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Open Source Computing – The Facebook Dynamic & The Changes Coming To Hardware
Posted on: April 15th, 2011 by Bill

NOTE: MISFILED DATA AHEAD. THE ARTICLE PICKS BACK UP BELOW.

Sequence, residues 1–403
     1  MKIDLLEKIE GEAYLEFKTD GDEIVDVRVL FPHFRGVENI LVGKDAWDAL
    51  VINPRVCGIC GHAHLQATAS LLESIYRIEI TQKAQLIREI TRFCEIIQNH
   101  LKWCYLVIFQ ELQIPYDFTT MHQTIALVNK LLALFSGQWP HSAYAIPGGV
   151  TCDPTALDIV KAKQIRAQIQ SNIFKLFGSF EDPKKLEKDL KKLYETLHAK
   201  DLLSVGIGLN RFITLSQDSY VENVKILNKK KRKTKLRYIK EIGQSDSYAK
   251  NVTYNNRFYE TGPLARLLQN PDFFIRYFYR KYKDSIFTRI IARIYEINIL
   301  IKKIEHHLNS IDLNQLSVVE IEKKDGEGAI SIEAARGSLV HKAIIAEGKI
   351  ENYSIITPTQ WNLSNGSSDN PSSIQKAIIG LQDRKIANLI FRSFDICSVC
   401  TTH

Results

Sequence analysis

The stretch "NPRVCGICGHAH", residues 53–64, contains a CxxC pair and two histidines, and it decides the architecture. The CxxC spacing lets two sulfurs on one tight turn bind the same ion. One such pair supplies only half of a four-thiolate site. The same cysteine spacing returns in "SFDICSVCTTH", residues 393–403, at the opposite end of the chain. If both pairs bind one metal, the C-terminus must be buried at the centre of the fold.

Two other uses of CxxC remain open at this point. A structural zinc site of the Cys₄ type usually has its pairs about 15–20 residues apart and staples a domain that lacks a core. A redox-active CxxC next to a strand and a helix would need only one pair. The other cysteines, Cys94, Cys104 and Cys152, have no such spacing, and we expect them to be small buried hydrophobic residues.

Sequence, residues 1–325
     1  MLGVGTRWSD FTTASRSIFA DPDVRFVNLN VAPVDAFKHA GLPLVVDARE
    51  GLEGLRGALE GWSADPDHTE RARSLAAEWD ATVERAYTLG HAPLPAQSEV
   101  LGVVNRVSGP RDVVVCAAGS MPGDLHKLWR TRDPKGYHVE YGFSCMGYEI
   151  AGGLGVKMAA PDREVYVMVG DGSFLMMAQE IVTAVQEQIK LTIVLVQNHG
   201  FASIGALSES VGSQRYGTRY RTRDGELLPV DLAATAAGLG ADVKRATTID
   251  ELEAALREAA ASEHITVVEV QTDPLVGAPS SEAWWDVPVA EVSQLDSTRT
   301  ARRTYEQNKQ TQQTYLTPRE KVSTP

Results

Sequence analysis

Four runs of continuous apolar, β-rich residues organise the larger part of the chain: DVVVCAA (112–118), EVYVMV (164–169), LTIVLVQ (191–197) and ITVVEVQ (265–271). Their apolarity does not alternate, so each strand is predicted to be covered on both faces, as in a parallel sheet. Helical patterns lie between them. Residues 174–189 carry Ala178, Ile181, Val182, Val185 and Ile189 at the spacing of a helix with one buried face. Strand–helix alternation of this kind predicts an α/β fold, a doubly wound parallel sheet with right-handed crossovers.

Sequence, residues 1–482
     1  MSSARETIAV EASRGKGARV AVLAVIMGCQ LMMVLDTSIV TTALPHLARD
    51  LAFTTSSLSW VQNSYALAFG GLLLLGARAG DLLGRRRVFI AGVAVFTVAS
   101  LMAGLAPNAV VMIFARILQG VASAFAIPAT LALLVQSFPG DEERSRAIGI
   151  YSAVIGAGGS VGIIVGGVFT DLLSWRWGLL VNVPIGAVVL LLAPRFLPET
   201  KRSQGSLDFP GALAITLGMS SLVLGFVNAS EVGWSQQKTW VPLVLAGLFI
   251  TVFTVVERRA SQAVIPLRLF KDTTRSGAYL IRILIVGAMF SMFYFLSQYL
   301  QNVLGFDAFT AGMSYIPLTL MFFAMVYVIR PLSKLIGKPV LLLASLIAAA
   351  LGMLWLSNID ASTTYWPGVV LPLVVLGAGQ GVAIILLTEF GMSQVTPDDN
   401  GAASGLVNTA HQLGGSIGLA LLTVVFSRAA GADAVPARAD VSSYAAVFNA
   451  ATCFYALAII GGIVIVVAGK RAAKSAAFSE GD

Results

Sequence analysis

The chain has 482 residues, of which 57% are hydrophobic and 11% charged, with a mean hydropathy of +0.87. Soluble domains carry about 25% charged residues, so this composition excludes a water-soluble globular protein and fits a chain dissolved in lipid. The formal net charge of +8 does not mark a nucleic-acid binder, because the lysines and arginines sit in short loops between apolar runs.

It’s been over a week since Facebook published all of their server, power supply and data center design. They can be found on the Open Compute Project at http://www.opencompute.com/. I’ve been involved with Facebook since before the patent application, and now for those who follow my blog, you can see where we have been going for the new dyanmic in facilities design. It has been a priviledge to be involved with the server, power supply and facility teams during the past 24 months. It has been a deeply rewarding experience with a group of very capable professionals who, in addition, are great folks to boot. I personally swear to the Jay Park cocktail napkin design story, as I have personally seen said napkin. Someday, it will be placed in the Facebook Musuem or Hall of Fame. Let’s be honest. Facebook and the social media and web content businesses who work, write and manage custom code for their businesses have the unique opportunity to integrate their application and server approaches and then spin the critical facility solution to speak and serve those apps and hardware most pointedly. So what do we do about the rest of us that have apps that run on a host of systems. We think the first, best step is hardware standarization to a commodity system. The operating system is a commodity already, whether that’s open or closed protocol. There’s no difference to this and any app that cold run on a variety of similar platforms provdied by a large set of suppliers. This work was started over a decade ago, at Google. In short – “We buy a lot of servers, we need them cheap and identical and fast”. We recall seeing the earliest Google servers in the Equinix facilities in Ashburn, VA, in the early 21st century. The Facebook solution seeks to further this via mass industrialization the process while opening the approach to the marketplace. What’s different today is the push from Facebook, and others in that business, to drive hardware to a new dynamic. The Facebook and Google approaches aren’t for everyone, today. There’s not a data center manager in the world who would not kill to run a homogeneous platform system, where they only have to worry about the apps (the FB facilities possess a very simply power and cooling infrastructure). We all recognize that these business are cloud computing on steroids. While some may dismiss cloud computing in the private sector, there’s no doubt that we should look at the open compute solution as an ability to render the hardware side of the business as a commodity. Based on shear volume and magnatude, Google, Microsoft, Apple or Yahoo! simply hit it harder than the rest of us for this type of server. However, some folks can employ this as a transitional step going forward as they migrate and reshape a more mature systems inventory, not unlike blades 10 years ago (another Google idea). We also feel is in the same vein as open source operating systems, like Linux, or widely adopted systms such as Windows and Java. The question remains is how long this will take for the hardware manufacturers’ take up the slack – or resist the trends and pay open compute lip service. The sinister alternative is that the open source server initiatives become an adjunct to the hardware manufacturers traditional business. We feel that the traditional server and storage business is better integrated to their cost and manufacturing models and likely to be far more profitable for them for the next several years. We do agree that the Facebook Open Source initiative does seek to place the impetus and control of the data processing business back into the hands of the users. WHAT A CONCEPT! The direct benefit of this is a known electrical and mechanical solution set for the critical facility environment. This means cost, schedule and operations become very well know, by a large community, very, very quickly. What is also means is that server computer power (as viewed in MIPS/kW or TB/kW) should plummet in price. That’s not going to make some folks happy.

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